UK petrol and diesel prices are expected to rise soon despite reaching their lowest level in four years last month. Data from the RAC Fuel Watch initiative, which tracks prices across the UK, showed that the average litre of petrol cost 106.83 pence at the end of May, while diesel came to 111.87 pence.
Those figures were down from 108.95p and 114.54p per litre respectively at the beginning of the month. However, the drop was more significant during the first three weeks of the month, after which petrol fell below 106p per litre.
The RAC says the small uptick in prices over the past couple of weeks may be indicative of price increases to come. A rebound in the oil price over the month of May caused the wholesale price of petrol – the price retailers pay for the fuel – rising 7p last month.
With that in mind, the RAC has warned that if retailers continue the pricing strategies seen before the coronavirus lockdown, costs could rise further still. In fact, the organisation has suggested drivers fill up now before prices increase too dramatically.
“There’s no doubting that, as the lockdown is eased slightly in different parts of the UK and drivers begin to travel more often, it’s currently cheaper to fill up now than it has been since 2016,” said RAC fuel spokesman Simon Williams. “How long these lower pump prices remain for however is debatable and is largely dependent on events taking place thousands of miles away from the UK.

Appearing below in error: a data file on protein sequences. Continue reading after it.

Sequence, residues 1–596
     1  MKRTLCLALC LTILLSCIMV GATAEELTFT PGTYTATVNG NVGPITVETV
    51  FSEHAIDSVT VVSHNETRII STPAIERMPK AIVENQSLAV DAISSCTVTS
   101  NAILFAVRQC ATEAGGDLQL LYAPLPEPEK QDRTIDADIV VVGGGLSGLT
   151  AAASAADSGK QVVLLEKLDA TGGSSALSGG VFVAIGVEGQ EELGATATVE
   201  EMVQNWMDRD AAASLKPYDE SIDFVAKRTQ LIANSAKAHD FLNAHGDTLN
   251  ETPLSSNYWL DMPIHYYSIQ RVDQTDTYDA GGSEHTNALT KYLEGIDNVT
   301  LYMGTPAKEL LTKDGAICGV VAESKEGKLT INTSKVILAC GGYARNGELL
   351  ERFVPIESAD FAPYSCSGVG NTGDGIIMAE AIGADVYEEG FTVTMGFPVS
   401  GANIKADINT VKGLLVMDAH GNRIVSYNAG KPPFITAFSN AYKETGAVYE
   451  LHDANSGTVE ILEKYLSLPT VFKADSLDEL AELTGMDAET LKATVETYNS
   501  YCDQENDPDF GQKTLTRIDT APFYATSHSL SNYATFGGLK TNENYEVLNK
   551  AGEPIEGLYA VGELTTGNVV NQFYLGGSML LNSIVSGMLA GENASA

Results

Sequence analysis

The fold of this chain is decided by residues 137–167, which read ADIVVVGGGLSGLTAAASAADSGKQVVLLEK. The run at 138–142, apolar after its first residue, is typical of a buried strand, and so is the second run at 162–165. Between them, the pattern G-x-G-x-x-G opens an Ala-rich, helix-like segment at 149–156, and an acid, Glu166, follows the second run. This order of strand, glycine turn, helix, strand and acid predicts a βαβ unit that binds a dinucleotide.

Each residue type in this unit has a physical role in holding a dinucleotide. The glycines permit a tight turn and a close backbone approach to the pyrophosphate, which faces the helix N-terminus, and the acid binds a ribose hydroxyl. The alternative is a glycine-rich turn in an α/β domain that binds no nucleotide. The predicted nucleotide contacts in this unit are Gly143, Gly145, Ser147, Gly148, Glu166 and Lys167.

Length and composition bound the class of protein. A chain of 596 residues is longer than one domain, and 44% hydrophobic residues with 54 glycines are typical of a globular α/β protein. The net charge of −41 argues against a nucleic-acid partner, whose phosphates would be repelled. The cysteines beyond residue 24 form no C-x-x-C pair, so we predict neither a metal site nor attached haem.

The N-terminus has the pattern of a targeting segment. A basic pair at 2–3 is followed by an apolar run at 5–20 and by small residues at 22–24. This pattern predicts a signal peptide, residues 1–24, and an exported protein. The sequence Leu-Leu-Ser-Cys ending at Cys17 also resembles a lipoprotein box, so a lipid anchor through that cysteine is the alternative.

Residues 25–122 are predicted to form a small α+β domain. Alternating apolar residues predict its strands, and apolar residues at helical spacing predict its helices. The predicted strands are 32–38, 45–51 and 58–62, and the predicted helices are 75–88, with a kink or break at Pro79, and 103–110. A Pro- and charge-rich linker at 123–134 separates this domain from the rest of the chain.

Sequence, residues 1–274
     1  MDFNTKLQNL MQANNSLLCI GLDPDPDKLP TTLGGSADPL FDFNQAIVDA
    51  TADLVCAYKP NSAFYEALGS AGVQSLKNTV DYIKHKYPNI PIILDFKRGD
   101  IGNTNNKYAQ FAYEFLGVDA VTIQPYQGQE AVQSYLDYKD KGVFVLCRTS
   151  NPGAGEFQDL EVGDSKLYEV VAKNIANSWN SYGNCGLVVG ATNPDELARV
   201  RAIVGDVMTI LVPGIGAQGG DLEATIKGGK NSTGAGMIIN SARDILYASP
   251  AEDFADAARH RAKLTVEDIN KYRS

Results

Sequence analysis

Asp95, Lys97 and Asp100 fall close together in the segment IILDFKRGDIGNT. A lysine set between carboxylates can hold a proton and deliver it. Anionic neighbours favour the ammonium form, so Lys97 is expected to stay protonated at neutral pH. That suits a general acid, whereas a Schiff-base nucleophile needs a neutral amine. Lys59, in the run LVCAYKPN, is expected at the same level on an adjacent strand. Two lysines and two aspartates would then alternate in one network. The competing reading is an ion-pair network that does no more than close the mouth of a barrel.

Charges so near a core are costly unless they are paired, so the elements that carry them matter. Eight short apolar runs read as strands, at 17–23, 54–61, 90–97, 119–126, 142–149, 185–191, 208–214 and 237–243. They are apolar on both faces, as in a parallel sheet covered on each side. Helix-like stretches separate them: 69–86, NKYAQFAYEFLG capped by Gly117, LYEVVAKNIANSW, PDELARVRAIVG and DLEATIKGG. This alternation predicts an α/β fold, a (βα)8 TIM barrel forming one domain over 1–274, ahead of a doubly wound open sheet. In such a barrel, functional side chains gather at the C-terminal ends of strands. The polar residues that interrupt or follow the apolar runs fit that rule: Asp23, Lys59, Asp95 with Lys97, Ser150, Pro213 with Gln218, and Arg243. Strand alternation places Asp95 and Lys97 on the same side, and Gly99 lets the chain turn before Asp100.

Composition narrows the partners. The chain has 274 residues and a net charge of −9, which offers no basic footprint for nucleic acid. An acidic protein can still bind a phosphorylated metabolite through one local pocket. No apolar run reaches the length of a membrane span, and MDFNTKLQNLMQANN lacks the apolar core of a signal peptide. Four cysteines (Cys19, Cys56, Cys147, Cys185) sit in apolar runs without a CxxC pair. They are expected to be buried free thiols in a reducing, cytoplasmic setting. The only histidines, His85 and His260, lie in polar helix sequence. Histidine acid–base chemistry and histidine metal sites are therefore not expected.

“The impact of the coronavirus on world travel and economic activity has dramatically reduced the global demand for oil, which is forcing major oil producing nations such as Saudi Arabia and Russia to desperately agree production cuts to shore up the barrel price. How far they go with these cuts, and how quickly, will be crucial in determining what happens with prices at the pumps over the next few months. Last month, as we expected, the oil price began to creep back up. If this continues in June, a rise in the cost of filling up is almost inevitable.
“Of course drivers still need to be careful about the trips they’re making – while the lockdown has eased a little more in England than in other parts, trips from here to Wales and Scotland shouldn’t be contemplated yet, and with so many basic amenities like public toilets and other facilities still closed the appeal of packing the car up for a daytrip is still unlikely to be very strong.
“For now though, drivers should fill up when they can to benefit from what are the lowest prices for four years. While the impact of the coronavirus is set to be with us for a long while yet, we don’t expect such low pump prices to be.”